This will result in the following query:

UPDATE {node} SET uid=5, status=1 WHERE created >= 1221717405;

Not much to explain here, so let’s go to the DELETE query’s.

 

Delete Query

Again the same story here. The DELETE query is probabily the easiest form of the query object:

<?php
$num_deleted = db_delete(‘node’)
->condition(‘nid’, 5)
->execute();
?>

This will result in the following query:

DELETE FROM {node} WHERE nid=5;

 

Merge Query

Finally we’ve got to the last one. The MERGE query. This one is a bit more complicated. If you would strip this one down to it’s original form, you will finde that a merge query is actually just the combination of an insert and an update query. In php it would be something like this:

<?php
if (db_query(”SELECT COUNT(*) FROM {example} WHERE id=:id”, array(’:id’ => $id)->fetchField()) {
// Run an update using WHERE id = $id
}
else {
// Run an insert, inserting $id for id
}
?>

In the new database API structure the merge query’s are build up like this:

<?php
db_merge(‘example’)
->key(array(‘name’ => $name))
->fields(array(
‘field1′ => $value1,
‘field2′ => $value2,
))
->execute();
?>

Here the “example” table is used. The specified key field ‘name’ has the value of $name. Now two things could happen.

First option: If the $name value exists in the database, then fields “field1” and “field2” will get an update with the correspondingvalues.

Second option: If the $name value doesn’t exist in the database, a new row will be created in which “name” gets the value $name, “field1” gets the value $field1 and “field2” gets the value $field2.

In some cases the values you want to set will have to be different, according to the fact that the key field does or doesn’t already exist. This can be handled in two ways.

<?php
db_merge(‘example’)
->key(array(‘name’ => $name))
->fields(array(
‘field1′ => $value1,
‘field2′ => $value2,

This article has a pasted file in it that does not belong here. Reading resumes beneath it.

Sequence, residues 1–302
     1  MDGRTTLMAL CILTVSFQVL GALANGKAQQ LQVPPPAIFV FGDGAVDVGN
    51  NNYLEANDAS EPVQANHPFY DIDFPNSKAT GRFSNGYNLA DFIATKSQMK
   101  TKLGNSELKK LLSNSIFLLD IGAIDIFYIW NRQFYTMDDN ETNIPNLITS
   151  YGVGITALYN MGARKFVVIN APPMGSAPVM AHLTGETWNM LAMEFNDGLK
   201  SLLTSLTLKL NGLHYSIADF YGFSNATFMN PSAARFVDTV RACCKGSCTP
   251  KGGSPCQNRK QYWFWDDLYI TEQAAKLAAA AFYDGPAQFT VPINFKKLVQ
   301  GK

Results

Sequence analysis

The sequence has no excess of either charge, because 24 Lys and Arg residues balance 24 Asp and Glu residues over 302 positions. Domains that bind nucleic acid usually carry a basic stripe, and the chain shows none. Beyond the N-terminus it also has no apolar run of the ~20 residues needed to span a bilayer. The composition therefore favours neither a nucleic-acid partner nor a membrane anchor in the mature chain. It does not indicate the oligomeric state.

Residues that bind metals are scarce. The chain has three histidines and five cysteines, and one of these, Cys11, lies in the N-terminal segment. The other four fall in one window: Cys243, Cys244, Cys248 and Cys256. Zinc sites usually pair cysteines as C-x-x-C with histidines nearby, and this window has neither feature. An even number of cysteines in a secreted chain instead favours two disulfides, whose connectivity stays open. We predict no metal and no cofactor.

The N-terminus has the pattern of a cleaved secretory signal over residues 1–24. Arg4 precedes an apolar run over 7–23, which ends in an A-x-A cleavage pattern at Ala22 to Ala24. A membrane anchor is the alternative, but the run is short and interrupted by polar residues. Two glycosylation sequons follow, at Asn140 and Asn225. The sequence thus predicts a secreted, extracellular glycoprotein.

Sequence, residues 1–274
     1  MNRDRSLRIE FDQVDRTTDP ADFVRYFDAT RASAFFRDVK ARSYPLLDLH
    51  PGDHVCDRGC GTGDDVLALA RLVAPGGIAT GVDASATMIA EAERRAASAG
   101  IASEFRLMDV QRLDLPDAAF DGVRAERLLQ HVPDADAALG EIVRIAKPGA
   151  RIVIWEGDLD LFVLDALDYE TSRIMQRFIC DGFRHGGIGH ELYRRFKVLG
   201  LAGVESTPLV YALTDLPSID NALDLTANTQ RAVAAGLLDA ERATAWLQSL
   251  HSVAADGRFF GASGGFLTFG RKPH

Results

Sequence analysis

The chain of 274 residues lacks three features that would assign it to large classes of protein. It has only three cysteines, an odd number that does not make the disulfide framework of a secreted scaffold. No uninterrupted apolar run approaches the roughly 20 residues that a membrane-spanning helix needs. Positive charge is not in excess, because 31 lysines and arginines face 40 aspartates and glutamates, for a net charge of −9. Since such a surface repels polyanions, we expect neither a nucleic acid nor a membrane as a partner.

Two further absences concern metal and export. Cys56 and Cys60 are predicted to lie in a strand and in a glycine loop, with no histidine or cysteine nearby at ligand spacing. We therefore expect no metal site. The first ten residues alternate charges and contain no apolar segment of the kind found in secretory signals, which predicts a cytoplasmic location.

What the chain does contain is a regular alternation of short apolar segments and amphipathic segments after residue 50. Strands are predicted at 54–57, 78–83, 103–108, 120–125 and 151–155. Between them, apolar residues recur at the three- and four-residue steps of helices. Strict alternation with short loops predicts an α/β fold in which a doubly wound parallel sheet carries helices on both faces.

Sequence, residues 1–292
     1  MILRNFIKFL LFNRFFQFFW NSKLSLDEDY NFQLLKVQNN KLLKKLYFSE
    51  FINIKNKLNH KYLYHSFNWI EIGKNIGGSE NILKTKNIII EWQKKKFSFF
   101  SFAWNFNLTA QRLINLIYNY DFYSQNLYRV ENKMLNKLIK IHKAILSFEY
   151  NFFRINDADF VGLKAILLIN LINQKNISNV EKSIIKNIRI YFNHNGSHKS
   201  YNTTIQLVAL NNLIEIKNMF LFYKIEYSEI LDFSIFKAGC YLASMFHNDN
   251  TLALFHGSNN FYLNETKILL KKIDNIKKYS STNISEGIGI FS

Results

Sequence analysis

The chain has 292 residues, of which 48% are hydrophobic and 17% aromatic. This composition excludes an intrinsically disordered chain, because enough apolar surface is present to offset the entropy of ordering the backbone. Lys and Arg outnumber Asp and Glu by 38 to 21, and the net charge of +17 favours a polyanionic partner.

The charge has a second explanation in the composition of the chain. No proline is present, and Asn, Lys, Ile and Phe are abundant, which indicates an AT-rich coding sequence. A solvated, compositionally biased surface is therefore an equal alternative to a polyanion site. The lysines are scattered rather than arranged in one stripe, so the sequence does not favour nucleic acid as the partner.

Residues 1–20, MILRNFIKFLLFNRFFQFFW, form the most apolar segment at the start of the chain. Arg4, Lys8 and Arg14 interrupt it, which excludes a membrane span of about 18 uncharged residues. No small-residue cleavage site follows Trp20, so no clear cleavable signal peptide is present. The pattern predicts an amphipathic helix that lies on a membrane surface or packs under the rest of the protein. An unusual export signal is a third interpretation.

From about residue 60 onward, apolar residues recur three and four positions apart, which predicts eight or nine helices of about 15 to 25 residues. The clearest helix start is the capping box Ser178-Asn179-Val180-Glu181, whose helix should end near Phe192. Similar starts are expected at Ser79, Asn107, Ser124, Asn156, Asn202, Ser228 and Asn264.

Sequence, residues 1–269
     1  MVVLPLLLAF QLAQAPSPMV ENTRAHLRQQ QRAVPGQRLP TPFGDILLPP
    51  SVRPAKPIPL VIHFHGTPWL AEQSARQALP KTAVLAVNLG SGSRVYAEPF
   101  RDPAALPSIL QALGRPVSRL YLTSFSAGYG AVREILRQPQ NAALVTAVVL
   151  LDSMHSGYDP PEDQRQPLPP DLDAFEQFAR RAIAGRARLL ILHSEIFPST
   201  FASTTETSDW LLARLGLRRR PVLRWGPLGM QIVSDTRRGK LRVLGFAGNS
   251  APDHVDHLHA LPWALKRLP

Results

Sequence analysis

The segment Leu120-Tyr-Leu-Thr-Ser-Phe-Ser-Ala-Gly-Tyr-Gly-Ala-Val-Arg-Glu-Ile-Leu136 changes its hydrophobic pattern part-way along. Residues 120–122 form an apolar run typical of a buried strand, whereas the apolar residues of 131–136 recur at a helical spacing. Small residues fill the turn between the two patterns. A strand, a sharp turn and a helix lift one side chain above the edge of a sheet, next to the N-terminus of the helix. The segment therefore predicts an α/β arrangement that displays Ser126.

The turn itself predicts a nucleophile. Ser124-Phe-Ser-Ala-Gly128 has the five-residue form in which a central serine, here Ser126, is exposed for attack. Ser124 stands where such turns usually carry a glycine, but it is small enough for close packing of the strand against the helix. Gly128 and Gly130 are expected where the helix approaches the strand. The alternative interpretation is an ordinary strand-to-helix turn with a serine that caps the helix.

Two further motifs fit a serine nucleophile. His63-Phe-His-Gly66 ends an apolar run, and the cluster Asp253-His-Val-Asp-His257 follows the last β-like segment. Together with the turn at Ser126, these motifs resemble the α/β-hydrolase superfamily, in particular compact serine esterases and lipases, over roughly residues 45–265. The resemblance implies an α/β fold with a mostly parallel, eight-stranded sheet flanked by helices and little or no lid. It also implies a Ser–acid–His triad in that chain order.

))
->update(array(
‘field1′ => $alternate1,
))
->execute();
?>

In this case, if the “name” already exists the value of “field1” will be $alternate1, and the value of “field2” will be $value2. If the “name” doesn’t allready exist, $value1 and $value2 will be used.

It is also possible to use expressions. I’ll give you an example in which, if the ‘name’ already exists, the “value1” field will become the current value +1:

<?php
db_merge(‘example’)
->key(array(‘name’ => $name))
->fields(array(
‘field1′ => $value1,
‘field2′ => $value2,
))
->expression(‘field1′, ‘field1 + :inc’, array(‘:inc’ => 1))
->execute();
?>

Note that expression() can be used multiple times, 1 time for each field.

Field updates can also be limited, if the row already exists. In this case, if the “name” already exists, only “field2” will be updated, and “field1” will be ignored:

<?php
db_merge(‘example’)
->key(array(‘name’ => $name))
->fields(array(
‘field1′ => $value1,
‘field2′ => $value2,
))
->updateExcept(‘field1′)
->execute();
?>

This is the end of my quick guide into the new Drupal 7 database layer. Hope you’ve enjoyed it. For more detailed information about this system, I would like to refere to the official drupal database API:http://drupal.org/developing/api/database